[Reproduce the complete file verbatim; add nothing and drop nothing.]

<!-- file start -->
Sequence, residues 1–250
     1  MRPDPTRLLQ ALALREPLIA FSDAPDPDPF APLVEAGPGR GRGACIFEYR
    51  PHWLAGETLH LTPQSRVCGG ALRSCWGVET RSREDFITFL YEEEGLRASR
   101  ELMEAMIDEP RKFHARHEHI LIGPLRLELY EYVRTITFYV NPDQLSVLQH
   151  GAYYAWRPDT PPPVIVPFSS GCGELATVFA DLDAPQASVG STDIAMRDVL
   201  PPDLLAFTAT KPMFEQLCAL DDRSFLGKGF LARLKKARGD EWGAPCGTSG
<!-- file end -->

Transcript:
Sequence, residues 1–250
     1  MRPDPTRLLQ ALALREPLIA FSDAPDPDPF APLVEAGPGR GRGACIFEYR
    51  PHWLAGETLH LTPQSRVCGG ALRSCWGVET RSREDFITFL YEEEGLRASR
   101  ELMEAMIDEP RKFHARHEHI LIGPLRLELY EYVRTITFYV NPDQLSVLQH
   151  GAYYAWRPDT PPPVIVPFSS GCGELATVFA DLDAPQASVG STDIAMRDVL
   201  PPDLLAFTAT KPMFEQLCAL DDRSFLGKGF LARLKKARGD EWGAPCGTSG